McCain, Obama Bailout Support Is Hesitant

10/23/2008 05:12 am ET | Updated May 25, 2011
  • JOHN HARWOOD and MICHAEL COOPER NY Times

PHILADELPHIA -- Senators John McCain and Barack Obama warned Sunday that there should be more oversight built into the government's $700 billion plan to stabilize the financial markets but said the potentially enormous expenditure would not force them to scale back their ambitious governing agendas.

Mr. McCain, the Republican presidential nominee, and Mr. Obama, his Democratic rival, agreed in separate interviews that steps should be taken to ensure taxpayer dollars are not used to enrich the executives of troubled financial firms bailed out by the government. They echoed each other in assessing the threat from the financial crisis as severe enough to warrant government intervention.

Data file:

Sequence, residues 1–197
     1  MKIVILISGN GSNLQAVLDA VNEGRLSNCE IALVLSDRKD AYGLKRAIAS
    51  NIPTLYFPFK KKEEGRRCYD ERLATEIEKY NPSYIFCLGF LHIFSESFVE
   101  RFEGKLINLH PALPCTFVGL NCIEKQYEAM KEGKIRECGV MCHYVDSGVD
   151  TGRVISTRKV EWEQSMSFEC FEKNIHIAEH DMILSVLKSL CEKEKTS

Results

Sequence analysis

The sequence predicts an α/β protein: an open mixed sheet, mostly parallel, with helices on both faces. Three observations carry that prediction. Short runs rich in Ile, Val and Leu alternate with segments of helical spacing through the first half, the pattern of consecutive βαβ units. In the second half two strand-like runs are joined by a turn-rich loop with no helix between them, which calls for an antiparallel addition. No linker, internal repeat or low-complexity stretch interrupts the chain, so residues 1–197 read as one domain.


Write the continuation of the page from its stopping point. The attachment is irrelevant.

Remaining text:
But Mr. McCain said in an interview here with CNBC and The New York Times that he would press on with his plan to extend the Bush tax cuts and to cut others. Contrary to the warnings of fiscal analysts, he said he believed he could do so and balance the federal budget, which was falling deeper into deficit even before the financial crisis, by the end of his first term.

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